|Publication number||US4930345 A|
|Application number||US 07/191,288|
|Publication date||Jun 5, 1990|
|Filing date||May 6, 1988|
|Priority date||May 14, 1987|
|Also published as||DE3716095C1, EP0290726A2, EP0290726A3, EP0290726B1|
|Publication number||07191288, 191288, US 4930345 A, US 4930345A, US-A-4930345, US4930345 A, US4930345A|
|Original Assignee||Hamba Maschinenfabrik Hans A. Muller Gmbh & Co. Kg|
|Export Citation||BiBTeX, EndNote, RefMan|
|Patent Citations (10), Referenced by (31), Classifications (8), Legal Events (5)|
|External Links: USPTO, USPTO Assignment, Espacenet|
The present invention relates to a system for checking the seals on covers in a packaging plant. More particularly this invention concerns the seal around a foil used to cover a cup of a foodstuff.
Yoghurt, pudding, butter, and other semiliquid materials, typically foodstuffs, are normally packaged in a cup having a circular upper edge that is sealed to the periphery of a circular foil disk. The filling and sealing are done under substantially sterile conditions so that the hermetically packed material will not spoil unless opened. Typically the cup is made of a thermoplastic synthetic resin and the foil cover is coated with a thermoplastic resin to allow ultrasound or the like to be used to weld the two together. Such a package can be made at very low cost yet can provide a sealed sterile containment for the foodstuff.
In a standard mass-production packaging operation, which for instance can be producing 25,000 to 33,000 such packages per hour, it is inevitable that some of the cover disks will not be sealed perfectly to the respective cups. The covers can themselves be torn or otherwise perforated, and something such as for instance the foodstuff being packaged can have gotten on the rim and prevented the cover from being sealed at this location. As such an imperfect seal can permit the product to spoil, it is essential to cull out any packages that do indeed have imperfect seals.
U.S. Pat. No. 4,730,482 of Cerny discloses a cover- checking device. In this arrangement a heated plunger is pressed pneumatically with a predetermined fixed force against the cover to be tested. The heat of the plunger is transmitted through the cover to the air trapped underneath it, and this air expands. If the package is perfectly sealed the result is a lifting of the cover or at least increased force pushing the plunger up. If the package has a leak the heated air escapes and there is no change in pressure on or position of the cover disk. In a motion-detecting arrangement a highly sensitive fiber-optical position detector associated with the plunger can detect the tiny, 0.5 mm to 1.0 mm, displacement caused by the heated air in the container and can therefore distinguish between sealed and leaky packages.
This system has several considerable disadvantages, the main one being that it is very slow. The time necessary to move the equipment into place and then heat the air in the container enough to get a measurable reaction is considerable. In a large mass-production packaging plant where the packages move eight abreast along the conveyor line this type of bottleneck is a considerable problem. Also, some foods like butter cannot be subjected to the heat, and some inks used on the cover foils are similarly sensitive to heat. Finally this type of device cannot be used at all with products like pudding that are already hot.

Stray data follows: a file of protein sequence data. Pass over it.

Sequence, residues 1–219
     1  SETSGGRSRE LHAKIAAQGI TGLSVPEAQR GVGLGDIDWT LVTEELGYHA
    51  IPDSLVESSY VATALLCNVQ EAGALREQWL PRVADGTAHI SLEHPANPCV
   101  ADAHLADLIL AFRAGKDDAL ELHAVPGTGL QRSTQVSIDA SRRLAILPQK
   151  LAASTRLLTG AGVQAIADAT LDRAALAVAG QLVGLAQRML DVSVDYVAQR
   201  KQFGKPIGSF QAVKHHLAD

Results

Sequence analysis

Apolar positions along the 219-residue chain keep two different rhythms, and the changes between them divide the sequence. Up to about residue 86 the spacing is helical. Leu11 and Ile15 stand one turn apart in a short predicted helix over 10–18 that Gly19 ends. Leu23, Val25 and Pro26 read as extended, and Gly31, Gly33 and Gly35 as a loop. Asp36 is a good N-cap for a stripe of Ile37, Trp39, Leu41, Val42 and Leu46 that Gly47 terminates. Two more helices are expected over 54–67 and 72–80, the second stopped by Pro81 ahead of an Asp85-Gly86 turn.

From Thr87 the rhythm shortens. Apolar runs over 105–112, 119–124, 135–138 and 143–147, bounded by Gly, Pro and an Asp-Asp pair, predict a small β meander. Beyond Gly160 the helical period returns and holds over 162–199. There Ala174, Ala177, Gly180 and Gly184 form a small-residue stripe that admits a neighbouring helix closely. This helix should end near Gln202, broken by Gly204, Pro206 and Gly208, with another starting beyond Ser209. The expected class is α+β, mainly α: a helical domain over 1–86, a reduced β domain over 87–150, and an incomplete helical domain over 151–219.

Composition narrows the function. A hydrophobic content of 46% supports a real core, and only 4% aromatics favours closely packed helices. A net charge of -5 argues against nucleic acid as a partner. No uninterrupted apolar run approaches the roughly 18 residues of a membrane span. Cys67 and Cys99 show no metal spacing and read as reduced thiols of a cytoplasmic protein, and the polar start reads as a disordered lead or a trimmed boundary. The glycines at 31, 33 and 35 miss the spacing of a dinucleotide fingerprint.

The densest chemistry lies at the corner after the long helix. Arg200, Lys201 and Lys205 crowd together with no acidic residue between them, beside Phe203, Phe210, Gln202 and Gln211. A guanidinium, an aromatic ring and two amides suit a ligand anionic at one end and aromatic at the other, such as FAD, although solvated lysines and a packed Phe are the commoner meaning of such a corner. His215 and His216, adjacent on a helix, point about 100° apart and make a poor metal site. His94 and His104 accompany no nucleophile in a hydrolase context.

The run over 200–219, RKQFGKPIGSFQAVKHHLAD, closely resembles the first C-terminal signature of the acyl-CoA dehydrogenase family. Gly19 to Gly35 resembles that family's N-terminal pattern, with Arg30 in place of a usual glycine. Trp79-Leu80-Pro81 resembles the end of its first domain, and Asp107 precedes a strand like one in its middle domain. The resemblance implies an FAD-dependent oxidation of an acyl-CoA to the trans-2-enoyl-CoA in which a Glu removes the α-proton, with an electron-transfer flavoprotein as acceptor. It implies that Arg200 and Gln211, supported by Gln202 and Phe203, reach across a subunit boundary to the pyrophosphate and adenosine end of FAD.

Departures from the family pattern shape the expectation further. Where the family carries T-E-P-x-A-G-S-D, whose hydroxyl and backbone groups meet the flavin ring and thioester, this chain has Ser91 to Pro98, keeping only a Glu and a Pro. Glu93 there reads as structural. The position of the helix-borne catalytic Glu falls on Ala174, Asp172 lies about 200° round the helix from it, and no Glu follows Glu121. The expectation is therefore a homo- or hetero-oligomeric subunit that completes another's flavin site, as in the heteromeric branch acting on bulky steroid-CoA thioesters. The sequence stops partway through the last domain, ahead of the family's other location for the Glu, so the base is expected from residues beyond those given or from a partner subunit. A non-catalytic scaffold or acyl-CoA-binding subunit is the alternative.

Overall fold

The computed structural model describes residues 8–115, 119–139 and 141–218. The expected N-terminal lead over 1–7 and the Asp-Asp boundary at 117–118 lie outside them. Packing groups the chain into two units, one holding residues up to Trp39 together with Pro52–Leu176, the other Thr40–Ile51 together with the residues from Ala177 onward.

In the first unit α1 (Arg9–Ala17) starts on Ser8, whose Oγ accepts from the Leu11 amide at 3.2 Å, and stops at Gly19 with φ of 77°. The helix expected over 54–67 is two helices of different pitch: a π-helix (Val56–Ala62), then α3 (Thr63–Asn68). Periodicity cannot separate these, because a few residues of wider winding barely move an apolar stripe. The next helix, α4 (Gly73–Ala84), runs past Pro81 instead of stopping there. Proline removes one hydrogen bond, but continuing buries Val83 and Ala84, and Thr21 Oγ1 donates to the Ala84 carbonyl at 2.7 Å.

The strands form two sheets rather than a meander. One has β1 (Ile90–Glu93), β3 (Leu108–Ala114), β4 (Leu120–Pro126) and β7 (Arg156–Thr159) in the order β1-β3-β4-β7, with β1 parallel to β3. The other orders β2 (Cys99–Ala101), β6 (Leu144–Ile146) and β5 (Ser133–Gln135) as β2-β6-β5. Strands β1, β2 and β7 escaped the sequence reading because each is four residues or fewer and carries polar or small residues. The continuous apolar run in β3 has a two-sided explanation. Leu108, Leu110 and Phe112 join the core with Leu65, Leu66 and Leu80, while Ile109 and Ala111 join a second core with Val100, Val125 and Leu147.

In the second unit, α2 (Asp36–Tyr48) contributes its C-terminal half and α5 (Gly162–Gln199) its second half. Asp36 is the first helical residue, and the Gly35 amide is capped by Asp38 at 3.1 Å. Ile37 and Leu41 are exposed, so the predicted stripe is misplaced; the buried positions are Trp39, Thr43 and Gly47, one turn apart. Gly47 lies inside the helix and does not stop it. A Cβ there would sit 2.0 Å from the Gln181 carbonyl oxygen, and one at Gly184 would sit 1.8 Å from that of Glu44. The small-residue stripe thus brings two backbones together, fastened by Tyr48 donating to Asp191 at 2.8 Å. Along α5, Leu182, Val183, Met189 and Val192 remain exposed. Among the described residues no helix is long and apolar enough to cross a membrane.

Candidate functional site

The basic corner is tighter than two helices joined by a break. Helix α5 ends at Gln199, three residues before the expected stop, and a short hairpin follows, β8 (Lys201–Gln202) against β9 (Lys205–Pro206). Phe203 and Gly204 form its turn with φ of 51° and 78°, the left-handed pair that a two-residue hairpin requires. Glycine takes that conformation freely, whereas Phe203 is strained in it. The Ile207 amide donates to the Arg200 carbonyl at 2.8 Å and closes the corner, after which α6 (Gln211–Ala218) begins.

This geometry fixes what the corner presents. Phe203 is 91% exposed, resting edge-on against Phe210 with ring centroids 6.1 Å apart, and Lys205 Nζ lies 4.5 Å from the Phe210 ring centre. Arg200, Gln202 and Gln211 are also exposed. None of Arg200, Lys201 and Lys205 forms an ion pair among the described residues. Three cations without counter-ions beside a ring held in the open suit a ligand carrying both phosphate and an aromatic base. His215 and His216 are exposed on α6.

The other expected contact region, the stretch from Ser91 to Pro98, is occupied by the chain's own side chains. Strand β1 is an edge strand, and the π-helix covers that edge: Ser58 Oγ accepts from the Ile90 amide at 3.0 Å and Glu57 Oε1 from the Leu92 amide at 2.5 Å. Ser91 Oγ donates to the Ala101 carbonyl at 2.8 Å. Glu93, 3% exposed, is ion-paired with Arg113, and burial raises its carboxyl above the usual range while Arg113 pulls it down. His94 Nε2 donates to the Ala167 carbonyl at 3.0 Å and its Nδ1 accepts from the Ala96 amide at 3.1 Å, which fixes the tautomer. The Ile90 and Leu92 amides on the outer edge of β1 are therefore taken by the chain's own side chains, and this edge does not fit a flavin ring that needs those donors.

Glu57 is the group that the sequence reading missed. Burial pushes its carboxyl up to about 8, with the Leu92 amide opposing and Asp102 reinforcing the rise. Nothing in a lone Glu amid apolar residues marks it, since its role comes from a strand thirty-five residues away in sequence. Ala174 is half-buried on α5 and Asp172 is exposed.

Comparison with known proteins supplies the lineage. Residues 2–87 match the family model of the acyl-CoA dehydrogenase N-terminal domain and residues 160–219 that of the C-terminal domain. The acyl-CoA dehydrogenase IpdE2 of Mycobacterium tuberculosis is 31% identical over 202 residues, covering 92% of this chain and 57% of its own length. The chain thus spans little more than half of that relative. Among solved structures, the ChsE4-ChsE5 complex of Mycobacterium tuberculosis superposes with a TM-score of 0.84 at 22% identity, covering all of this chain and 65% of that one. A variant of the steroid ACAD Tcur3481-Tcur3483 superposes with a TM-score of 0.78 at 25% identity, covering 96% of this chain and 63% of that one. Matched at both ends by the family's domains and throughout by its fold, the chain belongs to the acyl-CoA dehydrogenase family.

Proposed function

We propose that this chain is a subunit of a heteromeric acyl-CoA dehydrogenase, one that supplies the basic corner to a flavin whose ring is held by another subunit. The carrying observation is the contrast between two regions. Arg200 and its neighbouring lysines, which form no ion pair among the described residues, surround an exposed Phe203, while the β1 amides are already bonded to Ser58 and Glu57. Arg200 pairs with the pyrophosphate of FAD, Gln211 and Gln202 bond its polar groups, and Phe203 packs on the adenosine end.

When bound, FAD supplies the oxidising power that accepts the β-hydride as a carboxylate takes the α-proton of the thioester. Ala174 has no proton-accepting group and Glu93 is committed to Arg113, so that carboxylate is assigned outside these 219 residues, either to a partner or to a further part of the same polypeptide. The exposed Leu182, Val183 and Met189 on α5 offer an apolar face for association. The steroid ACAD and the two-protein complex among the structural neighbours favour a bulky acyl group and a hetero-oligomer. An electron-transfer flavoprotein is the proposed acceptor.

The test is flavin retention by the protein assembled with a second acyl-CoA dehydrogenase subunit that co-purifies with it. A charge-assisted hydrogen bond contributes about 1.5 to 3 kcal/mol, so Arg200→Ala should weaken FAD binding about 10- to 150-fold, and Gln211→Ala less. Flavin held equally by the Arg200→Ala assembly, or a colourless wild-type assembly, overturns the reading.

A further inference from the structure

German patent document No. 2,837,997 of M. Gauchel describes a method of testing the airtightness of a container by measuring its size while internally pressurizing it. This principle is hard to apply to food containers as any simple procedure for internally pressurizing the sealed container would inherently compromise the seal.
It is therefore an object of the present invention to provide an improved method of and apparatus for checking the seals of containers in a packaging plant.
Another object is the provision of such a method of and apparatus for checking the seals of containers in a packaging plant which overcomes the above-given disadvantages, that is which is simple and fast and that effectively distinguishes between sealed and leaky containers.
According to this invention the seal of a package comprising a vessel containing a liquid or semiliquid substance and having a rim to which a flexible cover is sealed is checked by simultaneously monitoring the position of the cover disk, inwardly elastically deflecting at least one of the walls of the vessel so that the disk is bulged outward only when the vessel is sealed, and generating an output based on the monitored position of the disk when the disk is bulged outward.
Thus with the system of this invention the elastic flexibility of the vessel itself is exploited to reduce the volume of the sealed package below the cover and thereby, presuming the package does not leak, bulge out the flexible cover. This can be done very rapidly without harming the package, will not thermally stress the contents, and is extremely simple to carry out in practice. At the same time this method produces an accurate result, effectively determining if there is anything that would leak, even a hole in the vessel.
According to this invention the vessel is held substantially stationary while monitoring the cover-disk position and inwardly deflecting the one wall. In addition diametrically opposite side walls are simultaneously and oppositely inwardly deflected.
According to this invention the position of the cover disk is monitored by pressing a bumper against it resiliently and detecting movement of the bumper. The fact that the walls of the container can be flexed somewhat with no harm to them at all and that the foil readily bulges without losing its seal makes the method of this invention particularly effective.
Thus the apparatus of this invention includes a conveyor for positioning the vessel in a checking station, some kind of sensor at the station for monitoring the position of the cover disk, at least one pusher for inwardly elastically deflecting at least one of the walls of the vessel so that the disk bulges outward when the vessel is sealed but does not when the vessel is leaky, and a controller connected to the pushers for generating an output based on the monitored position of the disk when the disk bulges outward. The conveyor of this invention is formed by an element itself formed with a succession of seats extending in a horizontal transport direction of the conveyor and each adapted to receive a respective vessel. This conveyor element is displaced such that the seats pass successively through the checking station in the transport direction. The vessel has a rim that is held horizontally by the seat in the station and normally two such pushers move oppositely against opposite side walls of the vessel. The transport direction is generally perpendicular to the movement direction of the pushers.